About the author Or: Who does this guy think they are, anyway?
Ah, you’ve made it! I’ve gone by many names over the years, but for our purposes, you can call me Marijn van Hoorn.α I’m a Dutch citizen by birth, but for many years now i’ve lived shunted up against Hadrian’s wall in green and pleasant England.
In meatspace, i enjoy having a good walk, exploring and learning about my local area, and tryingβ to pick up new skills. (Sketching and gardening, presently.) On the cyber™, i enjoy hanging out with friends, lurking around local fora, tending to this very website, and pretending to be someone else.
The paternal branch of my family, as you might expect, hail from the proud seafaring city of Hoorn, in North Holland. In the ’60s, it was designated by the government as an overflow town for those fleeing cramped and crowded Amsterdamγ — think like the new towns of Britain, but building on a preëxisting urban core — and my family took up the offer, bringing with them their belongings, talents, and accents. (Via surnames one can also trace the family history back to the province of Utrecht, but records are flaky, and in any case i feel no particular attraction to some random lord’s estate.)
I’m told i’ve got a bit of Polish and Gypsy in me, via my oma and opa, as well as a distant kinship with the mononymous Dutch singer Gordon.δ
The maternal branch of my family, meanwhile, have lived in the industrial heart of south-eastern Northumberland for as long as anyone can remember; my grandfather was a coal miner before Thatcher shut it all down. My mum consciously affected an RP accent when raising meε; nevertheless, Geordie words and Pitmaticisms have been clawing their way back to my tongue since secondary school.
That side of my family also count a fair few Jehovah’s Witnesses amongst their ranks. My mum, thank goodness, got out when she came of age; she and papa raised me fiercely secular. (More on that note later.)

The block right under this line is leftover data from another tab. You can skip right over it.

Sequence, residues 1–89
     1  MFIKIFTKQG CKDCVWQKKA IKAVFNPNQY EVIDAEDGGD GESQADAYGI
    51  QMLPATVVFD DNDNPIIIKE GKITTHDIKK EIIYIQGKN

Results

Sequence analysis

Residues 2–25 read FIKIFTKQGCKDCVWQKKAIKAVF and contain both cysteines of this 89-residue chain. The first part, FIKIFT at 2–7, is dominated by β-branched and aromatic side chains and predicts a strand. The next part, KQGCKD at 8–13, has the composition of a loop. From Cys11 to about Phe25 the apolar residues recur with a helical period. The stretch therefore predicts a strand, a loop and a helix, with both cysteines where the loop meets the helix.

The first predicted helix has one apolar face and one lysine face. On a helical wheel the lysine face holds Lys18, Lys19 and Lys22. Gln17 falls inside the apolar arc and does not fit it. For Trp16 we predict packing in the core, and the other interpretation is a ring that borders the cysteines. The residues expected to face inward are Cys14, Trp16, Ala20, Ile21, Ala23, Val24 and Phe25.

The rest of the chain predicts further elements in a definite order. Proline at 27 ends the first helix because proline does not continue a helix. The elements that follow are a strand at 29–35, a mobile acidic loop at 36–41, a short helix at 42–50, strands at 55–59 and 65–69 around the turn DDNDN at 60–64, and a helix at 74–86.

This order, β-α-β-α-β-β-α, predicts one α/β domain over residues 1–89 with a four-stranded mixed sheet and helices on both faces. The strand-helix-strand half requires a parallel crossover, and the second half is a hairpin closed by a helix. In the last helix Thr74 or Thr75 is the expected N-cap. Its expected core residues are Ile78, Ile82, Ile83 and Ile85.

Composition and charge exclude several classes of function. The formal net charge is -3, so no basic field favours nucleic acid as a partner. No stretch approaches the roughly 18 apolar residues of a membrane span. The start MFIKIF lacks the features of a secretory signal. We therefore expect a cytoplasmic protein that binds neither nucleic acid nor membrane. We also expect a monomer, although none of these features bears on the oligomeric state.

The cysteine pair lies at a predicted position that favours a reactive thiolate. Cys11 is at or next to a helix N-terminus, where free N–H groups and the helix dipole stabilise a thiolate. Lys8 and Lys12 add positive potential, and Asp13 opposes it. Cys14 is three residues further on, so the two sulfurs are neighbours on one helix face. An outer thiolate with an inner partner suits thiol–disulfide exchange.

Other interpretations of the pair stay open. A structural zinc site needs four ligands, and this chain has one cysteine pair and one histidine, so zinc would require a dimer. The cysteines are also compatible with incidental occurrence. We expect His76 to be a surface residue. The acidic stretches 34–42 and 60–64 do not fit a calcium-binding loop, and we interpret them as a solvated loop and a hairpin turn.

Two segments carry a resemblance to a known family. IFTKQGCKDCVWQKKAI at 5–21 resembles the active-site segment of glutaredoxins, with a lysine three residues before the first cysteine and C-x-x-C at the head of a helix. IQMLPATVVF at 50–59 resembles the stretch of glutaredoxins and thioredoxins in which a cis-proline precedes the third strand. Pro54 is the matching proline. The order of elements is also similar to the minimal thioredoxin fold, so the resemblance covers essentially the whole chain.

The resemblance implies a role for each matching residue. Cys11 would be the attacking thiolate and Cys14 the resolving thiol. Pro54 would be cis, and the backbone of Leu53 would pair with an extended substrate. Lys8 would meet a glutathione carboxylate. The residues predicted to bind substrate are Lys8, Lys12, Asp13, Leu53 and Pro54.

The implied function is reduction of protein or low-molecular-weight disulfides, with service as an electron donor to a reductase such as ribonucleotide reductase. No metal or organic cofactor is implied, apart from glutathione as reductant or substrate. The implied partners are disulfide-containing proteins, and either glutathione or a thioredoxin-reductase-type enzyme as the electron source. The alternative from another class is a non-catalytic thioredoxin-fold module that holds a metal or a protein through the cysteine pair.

Ah, yes, gender — that perpetual bugbear. The long and short of it is that i don’t particularly consider myself either male or female,ϛ and have a tendency to change my mind on how i want to present several times a week. (Genderfluid, in modern parlance.)
I once heard someone draw a difference between two types of androgyny. The stereotypical image of those of us who don’t consider ourselves male or female is that of the “negative” androgyne — a scrawny, trim-haired youngster who tries their darnedest not to look too strongly like either a man or a woman — but i would much rather present myself as the “positive” androgyne: a buxom, bearded she-bear who looks like one of each had a transporter accident.
As far as *hushed whispers* “The Surgery” is concerned, there have been significant advances in recent years that let someone have both sets of down-there bits. I probably wouldn’t want to take them in their current state, but who knows, maybe twenty or so years down the line…
On the apparently obligatory subject of pronouns, i would really prefer it if you would call me “you” when talking to me. What people get up to in the third person is none of my business.
I am a Pagan, holding faith in the Gods of old. My worship is primarily focussed on the the Hellenic pantheon, historically praised all the way from Britain to Bactria. As mentioned, i was raised an atheist, but as i grew older, i had a sneaking suspicion that there had to be something up there (or down there, as the case may be). I found the answers provided by the major monotheistic faiths to be utterly unsatisfying, but when i looked into polytheism, something in my head just clicked — it all made sense.
There’s no reason for me to bore you to death with my political beliefs. Suffice it to say that i think humans are, generally, nice, and that stubborn misanthropy and hatred should be stamped out wherever they rear their ugly head.